Hello! No, it is not Saturday just yet. I am preparing to batten the hatches, as they say, in preparation for the arrival of the winter's first major snow storm! A blizzard warning is now in effect for all of Eastern Massachusetts, and 50+ MPH winds and 24" of snow are expected to impact a wide area. I think I'll spend tomorrow with a good book and a nice warm fire in the woodstove.
In the spirit of the season, today's timely update features something that will come in handy for days like tomorrow. John O. Dean (1835-1912) undoubtedly saw a few good blizzards in his life and understood the value of a sturdy shovel. Featured here is a great example of a New England snow shovel, dated to the third quarter of the 19th century. You will notice immediately that the shovel is made from wood! This is typical of snow shovels from this time. Wood is strong, resilient, and of course will not rust when used in wet weather or snow. The blade on this shovel shows a long period of use, but the shovel retains its original iron scraper at the base of the blade. As you can see in the detail, an iron flange and some rivets and washers are what holds the whole thing together. The shovel must have been valuable as well, since the name "John O. Dean " is stamped heavily into the wood blade. More than likely, this shovel didn't see a lot of snow. It was probably used inside Dean's old grain mill to coral loose hay or feed, which probably saved it from damage. Today it resides in the Museum, safe from ice and snow and all that wintry stuff!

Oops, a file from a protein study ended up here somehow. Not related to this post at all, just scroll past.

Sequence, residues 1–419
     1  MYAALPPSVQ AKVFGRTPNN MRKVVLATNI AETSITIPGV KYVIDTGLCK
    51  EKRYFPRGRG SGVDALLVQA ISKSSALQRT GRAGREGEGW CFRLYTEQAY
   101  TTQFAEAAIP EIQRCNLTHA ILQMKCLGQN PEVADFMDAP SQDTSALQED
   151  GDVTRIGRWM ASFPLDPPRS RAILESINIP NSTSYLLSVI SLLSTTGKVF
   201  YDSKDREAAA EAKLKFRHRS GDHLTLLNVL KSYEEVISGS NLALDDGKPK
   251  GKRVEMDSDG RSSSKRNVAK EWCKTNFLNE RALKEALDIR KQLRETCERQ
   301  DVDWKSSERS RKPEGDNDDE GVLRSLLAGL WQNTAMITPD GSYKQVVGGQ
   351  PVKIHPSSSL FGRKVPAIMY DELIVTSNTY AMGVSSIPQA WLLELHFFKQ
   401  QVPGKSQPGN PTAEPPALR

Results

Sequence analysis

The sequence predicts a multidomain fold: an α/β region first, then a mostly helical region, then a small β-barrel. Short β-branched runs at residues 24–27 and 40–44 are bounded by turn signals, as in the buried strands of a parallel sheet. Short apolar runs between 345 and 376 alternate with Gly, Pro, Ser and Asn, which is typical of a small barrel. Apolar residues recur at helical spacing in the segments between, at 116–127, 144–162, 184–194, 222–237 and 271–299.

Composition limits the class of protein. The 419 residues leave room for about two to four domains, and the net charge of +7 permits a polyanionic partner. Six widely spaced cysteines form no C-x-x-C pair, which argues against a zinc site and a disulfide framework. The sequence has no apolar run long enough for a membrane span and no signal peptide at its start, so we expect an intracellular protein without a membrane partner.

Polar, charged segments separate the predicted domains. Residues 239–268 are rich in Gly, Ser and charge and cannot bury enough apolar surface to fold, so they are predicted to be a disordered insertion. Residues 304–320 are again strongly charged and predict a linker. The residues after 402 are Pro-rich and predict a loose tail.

Stay safe, and stay well, and I'll see you after the blizzard!
Curator: Frank Meninno